Why We Love and Exploit Animals: An Interview with Kristof Dhont and Gordon Hodson

"We recognized that we were creating the book, in large part, to benefit animals more than ourselves."

Why We Love and Exploit Animals: Interview with Kristof Dhont and Gordon Hodson
Kristof Dhont (left) and Gordon Hodson

By Zazie Todd, PhD

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Why We Love and Exploit Animals: Bridging Insights from Academia and Advocacy is a new volume co-edited by Dr. Kristof Dhont (University of Kent, UK) and Dr. Gordon Hodson (Brock University, Canada). This is a groundbreaking book that includes chapters by leading academics and animal advocates on our complicated relationship with animals. I interviewed Kristof Dhont and Gordon Hodson about the book.

The cover of the book Why we love and exploit animals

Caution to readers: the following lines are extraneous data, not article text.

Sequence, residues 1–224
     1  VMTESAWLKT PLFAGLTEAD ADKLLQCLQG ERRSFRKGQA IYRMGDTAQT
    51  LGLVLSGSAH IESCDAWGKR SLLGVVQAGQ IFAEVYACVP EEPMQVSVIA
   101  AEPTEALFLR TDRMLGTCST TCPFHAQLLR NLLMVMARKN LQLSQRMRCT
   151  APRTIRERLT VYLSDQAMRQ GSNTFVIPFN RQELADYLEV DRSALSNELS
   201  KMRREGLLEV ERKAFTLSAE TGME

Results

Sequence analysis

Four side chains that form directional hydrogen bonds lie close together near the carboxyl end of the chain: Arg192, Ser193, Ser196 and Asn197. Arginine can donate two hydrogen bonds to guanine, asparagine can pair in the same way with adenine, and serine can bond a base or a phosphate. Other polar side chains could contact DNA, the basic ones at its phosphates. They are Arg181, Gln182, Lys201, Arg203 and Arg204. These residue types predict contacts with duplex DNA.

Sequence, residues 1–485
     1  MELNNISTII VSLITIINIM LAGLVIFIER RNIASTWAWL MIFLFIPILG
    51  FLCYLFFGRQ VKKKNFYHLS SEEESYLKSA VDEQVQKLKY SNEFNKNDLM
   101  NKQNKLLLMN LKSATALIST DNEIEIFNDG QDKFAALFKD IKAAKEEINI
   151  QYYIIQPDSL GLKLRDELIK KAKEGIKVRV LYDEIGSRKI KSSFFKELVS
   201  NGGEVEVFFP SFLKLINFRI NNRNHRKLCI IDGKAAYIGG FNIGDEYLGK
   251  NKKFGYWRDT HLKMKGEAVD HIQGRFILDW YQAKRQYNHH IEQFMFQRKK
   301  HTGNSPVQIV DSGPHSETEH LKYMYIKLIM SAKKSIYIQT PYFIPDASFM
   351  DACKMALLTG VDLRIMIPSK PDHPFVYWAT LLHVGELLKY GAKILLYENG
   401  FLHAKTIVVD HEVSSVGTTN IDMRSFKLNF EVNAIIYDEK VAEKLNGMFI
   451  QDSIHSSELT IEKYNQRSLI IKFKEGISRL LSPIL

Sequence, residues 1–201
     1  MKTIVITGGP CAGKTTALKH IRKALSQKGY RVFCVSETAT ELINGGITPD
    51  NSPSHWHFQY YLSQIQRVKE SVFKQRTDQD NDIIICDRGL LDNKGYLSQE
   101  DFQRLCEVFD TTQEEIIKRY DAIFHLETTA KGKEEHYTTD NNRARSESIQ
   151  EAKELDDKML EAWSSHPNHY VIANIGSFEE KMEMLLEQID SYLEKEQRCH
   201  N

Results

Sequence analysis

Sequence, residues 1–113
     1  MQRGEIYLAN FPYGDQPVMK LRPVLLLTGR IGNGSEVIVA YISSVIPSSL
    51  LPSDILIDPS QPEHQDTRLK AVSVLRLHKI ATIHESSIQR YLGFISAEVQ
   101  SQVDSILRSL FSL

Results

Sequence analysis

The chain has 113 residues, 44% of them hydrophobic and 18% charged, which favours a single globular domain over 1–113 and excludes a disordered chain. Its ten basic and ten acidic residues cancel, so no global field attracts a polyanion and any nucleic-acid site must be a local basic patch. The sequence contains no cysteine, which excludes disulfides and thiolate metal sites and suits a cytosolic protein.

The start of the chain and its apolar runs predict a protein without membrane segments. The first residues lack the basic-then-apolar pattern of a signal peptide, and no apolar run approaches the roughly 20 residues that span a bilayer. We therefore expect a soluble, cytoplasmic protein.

Zazie: Why did you decide to put this book together?

Gordon: We wanted to READ a book that bridged academia and front line animal activism, but it didn’t exist, so we decided to make it happen ourselves. Rather than write the book ourselves, however, we sought a true diversity of opinion, so we decided to play the role of editors instead, soliciting chapters from people we respected and admired. We are both academics and enjoy academic debates and discussions about animals. But we also both want to improve the lives of animals. Kristof in particular has a foot in the “advocacy” movement as well as in academia; he actively participates in pro-animal or vegan events, and has a wide range of contacts in that world. Personally, I believe Kristof wanted to merge these two aspects, and I was along for the ride, always looking for a challenge and to discover new ways to create something that is greater than its parts. I think we pulled it off rather well, thanks in large part to the tremendous help, support, and insights from the authors themselves.